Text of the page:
Lambert Ghost Out Held Jan. 25
February 1, 2023 | View PDF
On Wednesday, Jan. 25, Lambert middle and high school students participated in a ghost out. A ghost out is an alcohol and drug awareness program aimed at teenagers because traffic crashes are the number one killer of teens and over 1/3 of teen traffic deaths are alcohol related nationwide. The Richland County Health Department drug-free communities program Director, Jaylea Olson and tobacco education specialist Jacklyn Damm presented this program to the students. The "Grim Reaper" removed a student from a classroom and brought the student to the ghost out team where they were provided a ghost out T-shirt and black sunglasses, which they wore the rest of the day. They then assisted in writing their own obituary. While this was taking place, the Grim Reaper placed a white wooden cross in the gym with their name on it. The student then returned to class and officer Colton Blue read their obituary to the group. The student was considered dead, and was not able to talk to anyone for the rest of the day. Fifteen students were pulled out of class to participate in the ghost out. This number represented about half of the 32 people who die due to a DUI related crash in the United States. At the end of the day, all students met in the gym. The ghost out students were carrying a lit candle. They stood in line while a poem was read about the death of a young girl who died due to a DUI crash. Then the Honorable Ray Trumpower, Fairview, read each students' mock obituary. After the obituary was read, the Grim Reaper came and blew out each student's candle to represent their death.
An emergency preparedness panel addressed the students next. Jeff Kent, Montana Highway Patrol officer told the students that he has participated as an officer in about 40 fatal crashes over the years and explained the details of his job on a crash scene. Yvette Lien, Sidney Health Center ER nurse and Lambert ambulance crew member said, "I don't want you to ever see the demons that I see in my head because people made bad choices. One bad decision is all it takes. Please, if you ever feel unsafe, call a friend, call your family, even call me!" Officer Blue Richland County Sheriff's Department, said, "You might be nervous about calling your parents for a ride, but I firmly believe they would rather get a call from you to ask them to pick you up rather than get a call from me after you decide to drive and have had an accident." Olson ended the assembly by addressing the students, "If you take anything away from today, let it be this: Everything in your life is a result of your decisions. Learn to recognize your patterns in your choices and how they affect you. Only when you take full responsibility for all of your choices, can you take charge of your life."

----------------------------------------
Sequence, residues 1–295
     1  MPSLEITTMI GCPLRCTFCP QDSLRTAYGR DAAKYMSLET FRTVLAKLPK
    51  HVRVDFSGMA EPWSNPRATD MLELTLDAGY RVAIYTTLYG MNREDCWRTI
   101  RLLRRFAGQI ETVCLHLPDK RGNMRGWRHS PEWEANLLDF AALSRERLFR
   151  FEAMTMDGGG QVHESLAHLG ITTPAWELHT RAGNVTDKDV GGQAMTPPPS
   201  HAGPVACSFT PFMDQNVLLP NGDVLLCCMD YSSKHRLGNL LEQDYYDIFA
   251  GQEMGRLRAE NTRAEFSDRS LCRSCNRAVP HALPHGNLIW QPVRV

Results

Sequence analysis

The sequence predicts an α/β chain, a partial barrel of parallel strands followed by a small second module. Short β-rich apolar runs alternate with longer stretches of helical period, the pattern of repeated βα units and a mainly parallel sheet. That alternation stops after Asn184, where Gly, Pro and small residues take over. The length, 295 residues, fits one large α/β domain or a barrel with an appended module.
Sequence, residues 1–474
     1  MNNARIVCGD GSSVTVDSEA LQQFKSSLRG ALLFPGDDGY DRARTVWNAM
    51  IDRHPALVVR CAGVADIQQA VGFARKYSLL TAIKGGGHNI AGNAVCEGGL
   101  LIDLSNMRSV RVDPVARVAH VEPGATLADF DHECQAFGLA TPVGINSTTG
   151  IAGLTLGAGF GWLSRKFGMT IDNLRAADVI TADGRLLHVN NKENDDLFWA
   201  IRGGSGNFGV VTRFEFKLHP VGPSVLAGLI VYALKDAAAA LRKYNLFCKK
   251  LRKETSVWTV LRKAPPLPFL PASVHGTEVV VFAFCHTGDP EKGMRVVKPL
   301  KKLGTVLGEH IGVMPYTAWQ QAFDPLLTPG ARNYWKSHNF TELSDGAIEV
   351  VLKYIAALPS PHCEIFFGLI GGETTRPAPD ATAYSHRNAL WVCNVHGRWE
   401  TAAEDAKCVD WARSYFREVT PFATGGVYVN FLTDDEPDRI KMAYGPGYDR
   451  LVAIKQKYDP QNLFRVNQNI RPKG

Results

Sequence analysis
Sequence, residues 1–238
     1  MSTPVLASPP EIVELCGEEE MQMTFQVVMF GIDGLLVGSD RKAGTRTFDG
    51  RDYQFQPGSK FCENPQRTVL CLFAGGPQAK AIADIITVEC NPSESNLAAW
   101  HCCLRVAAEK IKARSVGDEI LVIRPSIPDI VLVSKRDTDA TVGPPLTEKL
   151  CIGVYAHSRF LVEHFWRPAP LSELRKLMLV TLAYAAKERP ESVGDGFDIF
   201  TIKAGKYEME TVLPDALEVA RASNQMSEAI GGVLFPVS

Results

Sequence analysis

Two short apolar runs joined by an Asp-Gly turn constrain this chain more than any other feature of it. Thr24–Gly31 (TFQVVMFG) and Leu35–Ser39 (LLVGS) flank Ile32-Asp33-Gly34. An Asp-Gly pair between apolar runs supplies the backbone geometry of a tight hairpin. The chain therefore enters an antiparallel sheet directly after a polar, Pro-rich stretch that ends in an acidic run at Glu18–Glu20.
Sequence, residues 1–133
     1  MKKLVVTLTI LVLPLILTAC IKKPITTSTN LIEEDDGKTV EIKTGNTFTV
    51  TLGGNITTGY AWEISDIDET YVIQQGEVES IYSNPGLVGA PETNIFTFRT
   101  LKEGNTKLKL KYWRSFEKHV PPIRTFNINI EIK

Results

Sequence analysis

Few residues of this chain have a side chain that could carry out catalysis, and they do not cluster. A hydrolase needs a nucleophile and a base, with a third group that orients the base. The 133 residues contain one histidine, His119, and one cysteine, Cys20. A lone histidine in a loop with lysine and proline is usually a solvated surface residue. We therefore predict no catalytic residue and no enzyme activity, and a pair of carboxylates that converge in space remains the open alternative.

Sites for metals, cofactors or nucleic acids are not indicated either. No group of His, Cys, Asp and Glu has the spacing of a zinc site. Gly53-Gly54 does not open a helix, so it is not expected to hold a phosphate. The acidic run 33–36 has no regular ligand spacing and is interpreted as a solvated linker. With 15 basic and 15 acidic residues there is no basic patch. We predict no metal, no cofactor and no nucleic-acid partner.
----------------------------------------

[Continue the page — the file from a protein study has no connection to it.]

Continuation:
The poem read at the beginning of the assembly was as follows: I went to a party and remembered what you said, you told me not to drink mom, so I had Sprite instead. I felt proud of myself the way you said I would, I didn't drink and drive-though some of my friends said I should, I made a healthy choice and your advice to me was right, the party finally ended and the kids drove out of sight. I got into my car sure to get home in one piece. I never knew what was coming, Mom, something I expected least. Now I'm lying on the pavement, and I hear the policeman say, the kid that caused this wreck was drunk, Mom, his voice seems so far away. My own blood is all around me, as I try not to cry. I can hear the paramedics say, this girl is going to die. I'm sure the guy had no idea, while he was flying high. Because he chose to drink and drive, now I would have to die. So why do people do it, Mom, knowing that it ruins lives? And now the pain is cutting me, like 100 stabbing knives. Someone should've taught him that it's wrong to drink and drive. Maybe if his parents had, I'd still be alive. My breath is getting shorter, Mom, I'm really getting scared. These are my final moments and I am so unprepared. I wish that you could hold me, Mom, while I lie here and die. To say these final words, Mom, I love you and goodbye. "Even if today's assembly only saves one life, today was worth it," said Judge Ray Trumpower."